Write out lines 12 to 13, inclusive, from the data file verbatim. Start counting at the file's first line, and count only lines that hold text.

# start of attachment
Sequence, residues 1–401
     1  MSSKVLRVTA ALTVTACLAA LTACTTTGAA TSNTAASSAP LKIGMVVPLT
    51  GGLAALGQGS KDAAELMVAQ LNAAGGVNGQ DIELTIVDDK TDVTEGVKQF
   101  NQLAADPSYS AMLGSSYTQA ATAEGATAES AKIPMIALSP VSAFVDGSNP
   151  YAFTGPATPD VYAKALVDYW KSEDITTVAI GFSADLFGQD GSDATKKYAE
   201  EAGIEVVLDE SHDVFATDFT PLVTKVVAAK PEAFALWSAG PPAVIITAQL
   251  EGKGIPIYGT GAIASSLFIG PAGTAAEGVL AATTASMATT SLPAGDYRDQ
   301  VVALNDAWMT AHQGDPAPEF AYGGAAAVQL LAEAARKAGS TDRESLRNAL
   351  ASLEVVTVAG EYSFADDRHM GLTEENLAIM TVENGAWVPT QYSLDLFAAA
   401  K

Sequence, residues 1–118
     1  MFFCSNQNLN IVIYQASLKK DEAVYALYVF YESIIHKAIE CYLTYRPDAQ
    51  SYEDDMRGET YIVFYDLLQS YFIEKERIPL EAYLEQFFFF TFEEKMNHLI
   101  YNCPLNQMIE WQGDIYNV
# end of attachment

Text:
     1  MFFCSNQNLN IVIYQASLKK DEAVYALYVF YESIIHKAIE CYLTYRPDAQ
    51  SYEDDMRGET YIVFYDLLQS YFIEKERIPL EAYLEQFFFF TFEEKMNHLI